In my mind, Hickok’s main beef with the explosive mirror neuron story is it’s too reductionistic. In essence, the mirror neuron story reduces understanding to motor actions and motor action potentials. According to Hickok, this form of reductionism fits well with the theory of embodied cognition: the body or biology forms the basis of understanding. One of the main animators behind the idea of embodied cognition is George Lakoff, who’s work I have tapped into extensively. For an example here, see Lakoff’s 2001 book entitled Where Mathematics Come From: How The Embodied Mind Brings Mathematics Into Being, which he co-authored with Rafael Nuñez. Again, Hickok has no problem with certain aspects of embodied cognition, but he argues that some forms of understanding do not involve experiences of or references to, the body. Hickok points out there are many “abstract concepts that [one] can understand but seem to have nothing motoric to ground in” (quoting Hickok). Here are a few examples:
- Post Cognitivism
Hickok asks this rather probing question: “If these concepts can be understood without grounding them in the motor system [of the brain], then why is it so critical that we ground concepts like KICK, LICK, or REACH in the motor system?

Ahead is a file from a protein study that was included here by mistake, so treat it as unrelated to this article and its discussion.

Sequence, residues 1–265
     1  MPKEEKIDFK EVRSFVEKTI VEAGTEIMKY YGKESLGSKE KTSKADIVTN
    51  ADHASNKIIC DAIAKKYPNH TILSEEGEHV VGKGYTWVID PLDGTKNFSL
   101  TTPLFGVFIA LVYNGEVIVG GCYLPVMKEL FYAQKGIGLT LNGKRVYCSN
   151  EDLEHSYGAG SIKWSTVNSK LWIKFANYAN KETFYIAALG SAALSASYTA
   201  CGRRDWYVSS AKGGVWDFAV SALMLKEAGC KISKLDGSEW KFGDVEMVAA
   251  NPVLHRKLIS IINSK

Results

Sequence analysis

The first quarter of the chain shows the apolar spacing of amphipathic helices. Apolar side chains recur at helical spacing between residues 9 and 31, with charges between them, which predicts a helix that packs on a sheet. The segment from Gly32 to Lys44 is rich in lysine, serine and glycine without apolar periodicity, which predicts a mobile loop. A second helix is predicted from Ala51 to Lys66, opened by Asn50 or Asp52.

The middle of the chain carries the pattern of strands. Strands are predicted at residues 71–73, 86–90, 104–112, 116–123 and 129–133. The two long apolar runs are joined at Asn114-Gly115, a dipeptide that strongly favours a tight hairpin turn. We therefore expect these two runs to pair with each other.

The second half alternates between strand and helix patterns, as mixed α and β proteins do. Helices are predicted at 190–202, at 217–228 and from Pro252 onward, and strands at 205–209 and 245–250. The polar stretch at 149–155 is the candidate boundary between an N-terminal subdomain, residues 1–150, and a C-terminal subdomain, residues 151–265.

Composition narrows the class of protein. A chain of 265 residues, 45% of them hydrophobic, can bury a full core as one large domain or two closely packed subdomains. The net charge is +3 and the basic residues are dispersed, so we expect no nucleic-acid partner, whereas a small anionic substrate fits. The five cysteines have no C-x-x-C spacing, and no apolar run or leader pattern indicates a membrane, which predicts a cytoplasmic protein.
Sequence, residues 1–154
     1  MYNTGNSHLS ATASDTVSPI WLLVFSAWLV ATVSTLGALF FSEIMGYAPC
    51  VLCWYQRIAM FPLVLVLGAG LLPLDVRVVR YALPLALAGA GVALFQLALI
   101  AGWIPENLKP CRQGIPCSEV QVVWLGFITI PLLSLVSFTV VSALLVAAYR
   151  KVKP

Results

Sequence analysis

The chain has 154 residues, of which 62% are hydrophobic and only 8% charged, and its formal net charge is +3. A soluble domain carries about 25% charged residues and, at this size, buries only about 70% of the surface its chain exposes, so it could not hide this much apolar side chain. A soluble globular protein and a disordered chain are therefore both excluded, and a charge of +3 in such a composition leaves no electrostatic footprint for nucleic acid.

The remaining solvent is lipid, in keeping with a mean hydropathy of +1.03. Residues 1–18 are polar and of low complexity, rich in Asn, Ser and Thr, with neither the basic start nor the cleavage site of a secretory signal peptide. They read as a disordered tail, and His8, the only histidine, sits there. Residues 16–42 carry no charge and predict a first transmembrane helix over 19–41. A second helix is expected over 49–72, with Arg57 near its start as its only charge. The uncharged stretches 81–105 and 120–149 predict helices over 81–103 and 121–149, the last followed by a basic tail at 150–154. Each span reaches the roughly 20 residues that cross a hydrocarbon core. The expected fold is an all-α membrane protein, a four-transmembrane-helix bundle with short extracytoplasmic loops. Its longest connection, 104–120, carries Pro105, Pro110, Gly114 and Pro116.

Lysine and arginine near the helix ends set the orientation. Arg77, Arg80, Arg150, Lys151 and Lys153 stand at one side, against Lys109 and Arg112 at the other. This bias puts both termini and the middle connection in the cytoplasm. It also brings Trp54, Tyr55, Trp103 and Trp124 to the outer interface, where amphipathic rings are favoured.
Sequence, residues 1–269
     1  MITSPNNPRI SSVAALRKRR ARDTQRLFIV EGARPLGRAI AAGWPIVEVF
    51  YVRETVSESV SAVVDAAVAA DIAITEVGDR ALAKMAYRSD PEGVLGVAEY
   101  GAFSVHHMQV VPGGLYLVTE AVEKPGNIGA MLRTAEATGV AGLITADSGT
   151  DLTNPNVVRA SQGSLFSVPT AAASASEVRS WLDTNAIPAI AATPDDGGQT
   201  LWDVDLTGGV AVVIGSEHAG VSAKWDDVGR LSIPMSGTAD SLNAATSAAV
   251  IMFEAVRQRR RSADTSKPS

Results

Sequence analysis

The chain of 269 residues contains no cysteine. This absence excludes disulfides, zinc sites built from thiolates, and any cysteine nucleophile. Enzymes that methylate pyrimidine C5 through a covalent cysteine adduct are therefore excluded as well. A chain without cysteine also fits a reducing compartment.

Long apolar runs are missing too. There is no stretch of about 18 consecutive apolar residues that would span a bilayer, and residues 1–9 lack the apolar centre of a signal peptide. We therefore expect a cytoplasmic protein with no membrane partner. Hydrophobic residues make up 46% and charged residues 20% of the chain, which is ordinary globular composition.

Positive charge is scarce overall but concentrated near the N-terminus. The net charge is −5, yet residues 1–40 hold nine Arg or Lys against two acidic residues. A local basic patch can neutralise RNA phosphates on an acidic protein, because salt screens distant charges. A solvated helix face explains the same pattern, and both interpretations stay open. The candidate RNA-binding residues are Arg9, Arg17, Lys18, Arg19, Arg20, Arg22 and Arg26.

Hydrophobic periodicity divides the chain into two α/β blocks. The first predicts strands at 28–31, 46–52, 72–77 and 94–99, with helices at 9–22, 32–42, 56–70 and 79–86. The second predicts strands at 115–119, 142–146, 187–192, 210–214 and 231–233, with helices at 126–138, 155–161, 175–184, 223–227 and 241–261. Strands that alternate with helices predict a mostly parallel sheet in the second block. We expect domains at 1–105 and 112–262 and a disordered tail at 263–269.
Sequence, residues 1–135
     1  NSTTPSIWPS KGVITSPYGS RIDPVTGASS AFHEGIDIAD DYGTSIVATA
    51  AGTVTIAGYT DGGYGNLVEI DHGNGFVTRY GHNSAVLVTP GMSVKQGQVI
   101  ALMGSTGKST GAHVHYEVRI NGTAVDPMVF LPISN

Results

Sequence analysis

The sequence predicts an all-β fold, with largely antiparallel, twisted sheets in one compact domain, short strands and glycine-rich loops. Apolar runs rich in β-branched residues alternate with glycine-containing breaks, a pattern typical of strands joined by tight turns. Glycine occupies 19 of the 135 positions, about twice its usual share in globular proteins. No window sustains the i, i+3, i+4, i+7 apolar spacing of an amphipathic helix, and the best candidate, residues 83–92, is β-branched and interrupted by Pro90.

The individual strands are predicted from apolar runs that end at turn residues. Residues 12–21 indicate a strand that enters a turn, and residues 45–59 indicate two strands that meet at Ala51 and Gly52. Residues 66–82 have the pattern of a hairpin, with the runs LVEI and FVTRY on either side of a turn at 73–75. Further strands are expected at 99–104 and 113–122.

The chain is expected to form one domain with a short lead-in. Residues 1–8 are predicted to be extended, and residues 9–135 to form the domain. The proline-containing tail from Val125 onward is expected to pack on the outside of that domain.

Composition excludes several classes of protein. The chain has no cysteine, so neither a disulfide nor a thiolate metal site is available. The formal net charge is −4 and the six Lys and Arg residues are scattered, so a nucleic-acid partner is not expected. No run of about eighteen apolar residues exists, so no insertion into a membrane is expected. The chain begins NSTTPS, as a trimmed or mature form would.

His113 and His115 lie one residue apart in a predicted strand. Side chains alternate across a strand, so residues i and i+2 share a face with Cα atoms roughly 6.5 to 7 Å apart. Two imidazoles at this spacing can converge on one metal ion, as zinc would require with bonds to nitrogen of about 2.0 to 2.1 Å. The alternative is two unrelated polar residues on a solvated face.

Cutting to the chase, the mirror neuron story has taken on mythic proportions for political reasons. The mirror neuron story supports a liberal view of life with its focus on such things as empathy, minds knowing minds, and mindfulness (which is all the rage today). The mirror neuron story is a liberal story. Now, an irony pops up when we consider that liberals tend to fight against reductionism. In contrast, liberals tend to embrace a more systems oriented approach to life. In his 2006 book entitled Whose Freedom?: The Battle over America’s Most Important Idea, Lakoff argues that liberals tend to use systemic causation. Liberals tend to place social problems within social systems as opposed to placing them within individuals, which is a conservative approach. However, belief in the mirror neuron story tends to go against the systems grain. Go figure. And to his credit, Hickok, in telling us the real story behind cognition and communication, takes a decidedly systems theory approach. Now, here’s where the mirror neuron story gets a bit nasty.
Hickok talks about the “broken mirror” theory. Honestly, this was a new one on me. Because mirror neurons have been used to explain such things as empathy, Theory of Mind, and facial emotional recognition, they have been used to explain what happens when people are on the autism spectrum. In short, people on the autism spectrum have a “broken mirror” or a mirror neuron system that is malfunctioning in some fundamental way. Hickok takes exception with the idea of a broken mirror and rejects this destructive frame. Using well-known autism spectrum resident Temple Grandin as an example, Hickok presents evidence that suggests that people on “the spectrum” can be empathetic, can mirror emotion, and can engage in Theory of Mind. The problem as Hickok sees it is a matter of noise.